Financial Daily from THE HINDU group of publications
Friday, Jun 11, 2004
Railway Board in a fix over freight target Key user ministries project cut in demand
New Delhi , June 10
RAIL Bhawan mandarins are a troubled lot with freight projections in 2004-05 threatening to run on a slow track. Several key user ministries have projected a cut in the demand for freight services from the Railways, making it difficult for the Railway Board to finalise the targets for loading of rakes in the current financial year.
"The demand for foodgrains has already been reduced by four million tonnes (mt) for 2004-05. The petroleum and steel ministries have also indicated that their requirement for wagons will be lesser than last year," a senior Railway Board official told Business Line.
Ahead of preparing the Railway Budget 2004-05, the Railways has started consultations with their important customers to fix the targets for the year.
Incidentally, the Railways has impressive loading figures for last year.
The target was kept at 540 mt, which was later revised to 550 mt in December 2003 on account of a buoyant economy. The final loading figure for 2003-04 stood at an even better 557.75 mt. But the problem the Railways face is that it is attracting less remunerative cargo.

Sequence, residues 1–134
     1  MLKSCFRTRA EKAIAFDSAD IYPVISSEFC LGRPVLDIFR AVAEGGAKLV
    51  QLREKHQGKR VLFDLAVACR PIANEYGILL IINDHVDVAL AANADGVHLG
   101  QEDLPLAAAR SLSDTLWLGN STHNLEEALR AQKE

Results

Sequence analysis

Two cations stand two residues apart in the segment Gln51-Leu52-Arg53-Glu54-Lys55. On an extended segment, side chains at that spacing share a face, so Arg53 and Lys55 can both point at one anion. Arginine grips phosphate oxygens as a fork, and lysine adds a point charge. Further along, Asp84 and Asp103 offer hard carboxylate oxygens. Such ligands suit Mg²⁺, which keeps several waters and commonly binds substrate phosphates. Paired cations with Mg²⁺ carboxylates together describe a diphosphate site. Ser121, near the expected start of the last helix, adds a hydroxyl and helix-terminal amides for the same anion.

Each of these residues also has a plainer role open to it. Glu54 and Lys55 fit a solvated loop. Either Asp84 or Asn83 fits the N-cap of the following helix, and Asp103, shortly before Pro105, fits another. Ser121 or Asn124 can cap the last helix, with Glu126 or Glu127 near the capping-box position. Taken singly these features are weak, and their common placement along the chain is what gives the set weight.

"We are getting more of short lead and lower class cargo. That might be good enough to complete our loading targets, but it does not translate into increased revenues," the official said.
Despite exceeding the loading target by nearly 16 mt last year, the Railways fell short of their revenue target of Rs 27,815 crore by Rs 700 crore. At Rs 42,516 crore, the total earnings from freight and passenger and other sources, has fallen Rs 930 crore short of the target for the year. The Railways has a complex system of classifying cargo on the basis of the demand and supply. Thus, there can be a wide variation in the freight charges for hauling the same quantity of different commodities for the same distance.
The Railways command good premium from products such as petroleum, oil and lubricants (POL), steel and finished goods, although they do not account for high loading figures.
Products such as fodder, salt and water that are carried by the Railways as part of its social obligation, does not even meet the operation cost.
The official reason cited by the Steel Ministry is a planned cut in steel production due to shortage of coking coal. But Steel industry sources cite the Railways' inability to provide wagons to evacuate products on time as one of the reasons for the reduction.
Similarly, with the overall foodgrains situation across the country improving, there is little need for the traditional movement of food from north to south. The advent of pipelines has continuously reduced the dependence of the petroleum sector on the Railways.
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